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Quick(en), pray tell what's this? 6-30-11

Detroit -- While I was here in the Motor City last week attending the annual conference of the National Society of Newspaper Columnists, we were regaled by various business and professional people about how Detroit is making a rebound from its doldrums.

Quicken-1 For instance, we visited the new downtown headquarters of Quicken Loans, which has moved about 1,700 employees from the suburbs to a downtown building. And Quicken plans to move more people into downtown until it has nearly 4,000 employees here.

As we toured the facility, I came around a corner and noticed a "Prayer Room" sign on a curtained room, pictured here. Our guide told us that it's regularly used by Muslims who happen to be at work when one of their five daily required prayer times occurs. But it's also available to people of other faiths and is open all day every day. (The Detroit area has a large Muslim population.)

This is one more good example of how thoughtful business leaders make accommodations to meet the religious needs of employees. And it's happening in various places around the country as the religious landscape of America changes.

I asked a Quicken p.r. person for a fuller explanation of the company's decision to create some prayer space in the work area and she told me that Quicken "decided to establish a prayer room because about 10 team members requested it in move meetings we held before the company relocated to Detroit."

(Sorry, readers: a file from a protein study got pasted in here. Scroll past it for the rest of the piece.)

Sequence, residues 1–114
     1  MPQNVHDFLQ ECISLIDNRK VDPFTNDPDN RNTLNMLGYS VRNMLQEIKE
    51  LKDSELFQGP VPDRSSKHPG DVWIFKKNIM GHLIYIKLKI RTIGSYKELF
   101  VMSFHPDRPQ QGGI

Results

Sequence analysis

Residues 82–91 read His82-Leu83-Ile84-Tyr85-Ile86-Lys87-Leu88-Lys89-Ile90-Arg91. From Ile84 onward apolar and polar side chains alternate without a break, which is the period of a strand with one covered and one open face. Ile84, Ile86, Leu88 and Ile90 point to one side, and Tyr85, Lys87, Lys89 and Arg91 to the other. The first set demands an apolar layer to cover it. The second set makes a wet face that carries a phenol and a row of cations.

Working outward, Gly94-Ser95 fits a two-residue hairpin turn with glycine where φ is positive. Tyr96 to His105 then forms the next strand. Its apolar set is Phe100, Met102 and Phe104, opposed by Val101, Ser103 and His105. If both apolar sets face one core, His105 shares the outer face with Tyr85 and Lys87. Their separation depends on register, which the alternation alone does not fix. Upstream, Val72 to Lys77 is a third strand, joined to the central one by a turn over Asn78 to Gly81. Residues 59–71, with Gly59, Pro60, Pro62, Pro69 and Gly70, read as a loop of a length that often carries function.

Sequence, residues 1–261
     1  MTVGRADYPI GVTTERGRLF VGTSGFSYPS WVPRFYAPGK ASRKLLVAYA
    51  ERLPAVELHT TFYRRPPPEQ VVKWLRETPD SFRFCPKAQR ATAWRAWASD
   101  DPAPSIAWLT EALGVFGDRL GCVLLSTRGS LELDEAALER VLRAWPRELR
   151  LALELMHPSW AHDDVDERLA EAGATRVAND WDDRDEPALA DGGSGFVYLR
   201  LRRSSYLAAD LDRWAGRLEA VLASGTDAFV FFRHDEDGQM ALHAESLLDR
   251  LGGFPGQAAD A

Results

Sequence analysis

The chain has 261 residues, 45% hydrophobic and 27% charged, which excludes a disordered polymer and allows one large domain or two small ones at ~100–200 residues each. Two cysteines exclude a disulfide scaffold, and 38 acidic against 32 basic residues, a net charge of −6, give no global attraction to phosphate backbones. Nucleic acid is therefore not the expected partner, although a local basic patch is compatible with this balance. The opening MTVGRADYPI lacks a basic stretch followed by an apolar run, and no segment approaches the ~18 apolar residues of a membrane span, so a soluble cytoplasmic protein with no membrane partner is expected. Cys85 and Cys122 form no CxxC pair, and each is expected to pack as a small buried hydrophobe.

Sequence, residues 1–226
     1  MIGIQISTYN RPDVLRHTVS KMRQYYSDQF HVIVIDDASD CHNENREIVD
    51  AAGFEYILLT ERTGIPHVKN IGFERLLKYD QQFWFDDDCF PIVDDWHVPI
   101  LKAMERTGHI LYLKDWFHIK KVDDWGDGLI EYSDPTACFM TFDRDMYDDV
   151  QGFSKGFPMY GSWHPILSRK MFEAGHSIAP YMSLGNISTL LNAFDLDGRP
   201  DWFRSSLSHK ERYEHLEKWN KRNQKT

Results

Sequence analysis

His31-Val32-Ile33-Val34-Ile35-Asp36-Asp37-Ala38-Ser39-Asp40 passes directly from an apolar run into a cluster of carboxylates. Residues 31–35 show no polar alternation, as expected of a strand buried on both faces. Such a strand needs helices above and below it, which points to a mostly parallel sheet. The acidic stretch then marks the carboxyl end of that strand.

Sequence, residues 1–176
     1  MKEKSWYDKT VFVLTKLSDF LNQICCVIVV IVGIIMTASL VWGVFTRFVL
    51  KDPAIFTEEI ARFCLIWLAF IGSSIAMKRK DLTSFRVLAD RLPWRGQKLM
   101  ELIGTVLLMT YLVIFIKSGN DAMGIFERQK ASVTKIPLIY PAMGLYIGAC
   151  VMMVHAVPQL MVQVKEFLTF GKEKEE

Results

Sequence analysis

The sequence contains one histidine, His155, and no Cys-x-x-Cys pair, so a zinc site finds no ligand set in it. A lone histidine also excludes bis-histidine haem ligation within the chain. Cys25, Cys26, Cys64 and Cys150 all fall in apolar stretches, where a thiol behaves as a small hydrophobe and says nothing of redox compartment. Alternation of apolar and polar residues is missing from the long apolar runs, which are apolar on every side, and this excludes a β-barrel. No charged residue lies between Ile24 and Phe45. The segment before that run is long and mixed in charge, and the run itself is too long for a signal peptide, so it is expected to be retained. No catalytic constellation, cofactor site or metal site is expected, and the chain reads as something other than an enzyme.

There was prayer space available at Quicken's former facility in suburban Livonia, "but it was not a designated space," she said. This room, which is approximately 10-feet by 10-feet, is dedicated to prayer and meditation use and can accommodate six to eight people at a time, though often it's used just by one employee at a time. About 10 to 12 people use the room on a daily basis. Although I was not able to go into the room, it was described as intimate with seating. Inside, signs ask visitors to remove their shoes and put them in a shoe rack. As I indicated, there are curtains for privacy. And there's a white board on which to leave prayers. Soft carpet allows people to lie down or kneel comfortably. The room can be reserved for a specific time through the same scheduler employees use to reserve any conference room.

Good employers find ways to meet the religious needs of their workers without making a big deal out of it or making employees uncomfortable by calling attention to them. And people of faith who feel welcome in the work place must, in turn, not violate that welcome by pushing their faith on others.

The folks at Quicken seem to have figured all that out.